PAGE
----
Itty Bitty Hellboy #5

Abe’s little sister Eve is having a birthday, and everyone is invited to the party! Hellboy, Liz, the Rogers, Baba (and her chicken-leg hut), Hecate, Lobster Johnson, Johann Kraus, and many more all show up. Presents are opened, seaweed cake is devoured, hot sauce is splashed on people, and Hellboy gets turned into a chicken. Just like every other day then, right?

Verdict: Thumbs up. Very funny, very cute — it’s too bad this is the final issue, because Art Baltazar and Franco did a great job making Hellboy and his supporting cast look so adorable.


Young Avengers #14

Evil has been vanquished, and it’s time for the after party. A wide selection of artists are on hand to help document the first half of the Young Avengers’ last big party, along with most of the other young superheroes in the Marvel Universe. Wiccan and Hulkling reconcile for good, we learn more of Miss America’s origin and about her secret connection to Wiccan, and Kate Bishop decides where she stands with Noh-Varr.

Verdict: Thumbs up. A bunch of excellently crafted stories about relationships — both romantic and familial — all backed up by a bunch of cool artists. I’m gonna miss this series, but it’s nice to see they’re going out pushing the envelope.


A Voice in the Dark #2

Zoey is worried that her urges to commit murder are going to get the better of her, so she starts up a campus talk-radio show, hoping she’ll be able to quell her homicidal desires by basking in other people’s darkness. And her very first caller is someone who’s contemplating suicide. Can Zoey keep her from killing herself? Can her uncle and his fellow police officers find the girl in time?

Verdict: Thumbs up. Fantastic art and a great story that does not go where we expect it to go. Is there anything Zoey can do to keep from getting completely washed over in blood? Maybe not — and it’ll be fun seeing how it all turns out for her…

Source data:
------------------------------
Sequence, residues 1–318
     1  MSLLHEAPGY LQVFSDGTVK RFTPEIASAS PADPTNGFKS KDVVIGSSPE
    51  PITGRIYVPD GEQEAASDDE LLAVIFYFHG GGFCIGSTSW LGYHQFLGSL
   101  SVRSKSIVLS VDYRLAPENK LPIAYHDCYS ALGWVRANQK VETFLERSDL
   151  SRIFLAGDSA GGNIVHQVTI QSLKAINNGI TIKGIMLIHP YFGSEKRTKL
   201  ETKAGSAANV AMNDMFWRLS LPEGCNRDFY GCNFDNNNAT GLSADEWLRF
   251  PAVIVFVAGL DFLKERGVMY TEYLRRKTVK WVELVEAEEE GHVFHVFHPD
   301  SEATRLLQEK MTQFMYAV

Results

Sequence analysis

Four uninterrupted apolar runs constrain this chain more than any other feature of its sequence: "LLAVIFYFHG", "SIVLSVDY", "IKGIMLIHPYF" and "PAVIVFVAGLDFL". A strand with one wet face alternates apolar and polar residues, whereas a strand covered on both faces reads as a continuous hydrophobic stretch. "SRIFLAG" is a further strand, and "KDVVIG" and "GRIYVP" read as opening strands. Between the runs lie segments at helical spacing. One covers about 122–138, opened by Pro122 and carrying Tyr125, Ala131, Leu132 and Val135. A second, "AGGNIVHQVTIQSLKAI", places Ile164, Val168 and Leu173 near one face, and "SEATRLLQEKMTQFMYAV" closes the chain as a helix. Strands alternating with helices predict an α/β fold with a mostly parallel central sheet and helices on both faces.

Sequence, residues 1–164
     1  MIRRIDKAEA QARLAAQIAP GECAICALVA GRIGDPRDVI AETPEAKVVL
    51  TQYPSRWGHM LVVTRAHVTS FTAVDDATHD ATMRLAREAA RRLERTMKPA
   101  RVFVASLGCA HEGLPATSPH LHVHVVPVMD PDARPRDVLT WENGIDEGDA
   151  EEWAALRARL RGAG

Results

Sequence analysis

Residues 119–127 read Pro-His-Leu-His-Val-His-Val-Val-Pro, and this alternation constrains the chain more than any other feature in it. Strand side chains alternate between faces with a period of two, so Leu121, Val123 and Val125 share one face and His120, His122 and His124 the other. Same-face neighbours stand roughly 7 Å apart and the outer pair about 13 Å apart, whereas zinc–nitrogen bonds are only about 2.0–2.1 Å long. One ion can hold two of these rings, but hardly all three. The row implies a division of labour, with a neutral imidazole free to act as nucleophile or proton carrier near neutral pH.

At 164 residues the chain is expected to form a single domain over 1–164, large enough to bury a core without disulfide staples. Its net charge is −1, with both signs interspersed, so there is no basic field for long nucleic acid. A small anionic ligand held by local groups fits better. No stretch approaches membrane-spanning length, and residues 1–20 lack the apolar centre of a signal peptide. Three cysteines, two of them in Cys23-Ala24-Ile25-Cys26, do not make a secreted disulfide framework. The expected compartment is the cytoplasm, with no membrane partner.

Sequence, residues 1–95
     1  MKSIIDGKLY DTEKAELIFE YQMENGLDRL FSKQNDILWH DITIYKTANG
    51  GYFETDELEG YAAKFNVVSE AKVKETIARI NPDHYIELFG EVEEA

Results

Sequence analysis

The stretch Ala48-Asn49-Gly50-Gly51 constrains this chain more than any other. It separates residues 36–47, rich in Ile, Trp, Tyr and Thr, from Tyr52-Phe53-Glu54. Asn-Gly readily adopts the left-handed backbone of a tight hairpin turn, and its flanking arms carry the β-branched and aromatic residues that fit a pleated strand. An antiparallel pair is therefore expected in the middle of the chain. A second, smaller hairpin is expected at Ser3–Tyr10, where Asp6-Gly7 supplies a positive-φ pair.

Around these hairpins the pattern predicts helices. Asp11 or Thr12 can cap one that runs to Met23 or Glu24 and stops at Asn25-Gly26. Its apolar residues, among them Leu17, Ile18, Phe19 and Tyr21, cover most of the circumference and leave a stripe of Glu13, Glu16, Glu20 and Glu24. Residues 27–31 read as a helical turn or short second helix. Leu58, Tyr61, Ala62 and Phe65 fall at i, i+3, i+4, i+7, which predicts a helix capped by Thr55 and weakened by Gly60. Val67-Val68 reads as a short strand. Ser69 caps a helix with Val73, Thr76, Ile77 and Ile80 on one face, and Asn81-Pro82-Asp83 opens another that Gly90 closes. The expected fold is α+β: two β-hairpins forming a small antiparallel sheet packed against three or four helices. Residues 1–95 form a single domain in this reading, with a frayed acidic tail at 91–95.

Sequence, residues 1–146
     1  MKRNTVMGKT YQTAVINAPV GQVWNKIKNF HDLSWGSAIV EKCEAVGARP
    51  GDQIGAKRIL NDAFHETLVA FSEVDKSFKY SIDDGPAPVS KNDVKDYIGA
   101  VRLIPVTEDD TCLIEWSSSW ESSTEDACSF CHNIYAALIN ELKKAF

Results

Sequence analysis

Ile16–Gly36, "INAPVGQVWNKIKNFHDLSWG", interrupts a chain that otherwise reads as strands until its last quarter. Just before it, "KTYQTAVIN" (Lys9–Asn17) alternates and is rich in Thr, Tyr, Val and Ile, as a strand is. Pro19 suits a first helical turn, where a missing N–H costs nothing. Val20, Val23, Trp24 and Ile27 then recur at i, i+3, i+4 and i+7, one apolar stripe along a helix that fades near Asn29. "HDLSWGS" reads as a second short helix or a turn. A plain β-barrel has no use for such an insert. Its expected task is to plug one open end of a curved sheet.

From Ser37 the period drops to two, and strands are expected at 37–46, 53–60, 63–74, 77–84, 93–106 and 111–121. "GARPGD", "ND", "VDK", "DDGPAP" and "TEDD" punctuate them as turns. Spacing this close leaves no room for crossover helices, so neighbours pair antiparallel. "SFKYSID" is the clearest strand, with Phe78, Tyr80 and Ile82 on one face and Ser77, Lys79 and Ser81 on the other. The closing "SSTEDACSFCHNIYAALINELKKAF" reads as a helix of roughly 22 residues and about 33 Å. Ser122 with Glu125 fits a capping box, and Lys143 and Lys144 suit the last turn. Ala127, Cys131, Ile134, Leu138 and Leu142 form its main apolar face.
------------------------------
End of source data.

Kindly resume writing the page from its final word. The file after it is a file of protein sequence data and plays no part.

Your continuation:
Daredevil #34

Matt Murdock wants to strike a serious blow against the racist Sons of the Serpent — and he particularly wants to take their ally, the Jester, out of circulation. He’s managed to obtain the Darkhold, an ancient mystical book that the Sons consider their Bible, and he’s also gotten hold of a device that will allow him to broadcast to every TV, radio, and web browser in New York City. He enlists the aid of Kirsten McDuffie and then makes his broadcast, warning New Yorkers about the Sons and threatening to destroy the Darkhold if they don’t turn over the Jester. Can the gamble pay off? Or will the Sons kill McDuffie as revenge?

Verdict: Thumbs up. It’s an excellent story, with some real shining moments for McDuffie. The action is quite nice, and as always, Javier Rodriguez’s artwork is phenomenally beautiful.


Revival #16

The authorities are now exterminating the local livestock, which has gotten a serious dose of whatever is causing the revivals, and Ramin and Sheriff Cypress are the targets of a low-level terrorist attack. Dana Cypress enlists her ex-husband Derrick and her sister Em — a secret Reviver — to help investigate whoever murdered Em. And Derrick runs into a mysteriously deformed arsonist. What the heck’s going on?

Verdict: Thumbs up. The series is definitely trending away from horror right now and back toward noir. Not a bad thing at all — great characterization and art, and I’m still loving the story.


Pretty Deadly #3

Ya know, I’m not sure I could tell you the plot in a way that’ll really make sense. But we learn more about Ginny and Fox and Death, how they got the way they are, and what may be coming up for them eventually.

Verdict: Thumbs up. I liked this issue a lot more. It made a lot more sense, I could keep track of who the characters were, and there were multiple really good, really powerful scenes. I hope they can keep the quality high on this one.

Today’s Cool Links:

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No Habla Espanol, Senor Goon!


The Goon #44

Well, it’s an issue almost entirely in Spanish. And there’s not a translation. And I don’t speak Spanish! Oh, Eric Powell, why must you hide the crazy stuff that Franky says away from me?

Basically, as far as I can tell, the Goon and Franky are smuggling hooch into Mexico. But they’ve also accidentally smuggled in a booze-loving monster called El Hombre Lagarto! Which I’m pretty sure means “The Lizard Man!” He also loves chickens! And pretty women! And singing! Soon enough, there is fighting. Also: Tom Waits and Li’l Jon.

Verdict: Thumbs up. Yeah, I’da loved knowing what lunacy was being spouted by everyone. But even without translations, this was bizarre and hilarious and violent. And thus, it was The Goon.


Revival #15

While Dana Cypress tries to piece together the mystery of who murdered her sister Em, the local government is confiscating everyone’s livestock — there are fears that whatever created the revivers is in the groundwater — and in all the cattle and chickens in the area. And young reviver Jordan Borchardt — who, despondent over losing her chance to die again, went nuts and cut off her eyelids last issue — gets turned over to the CDC for study. And the local anti-government wingnut is working to start up his own private militia.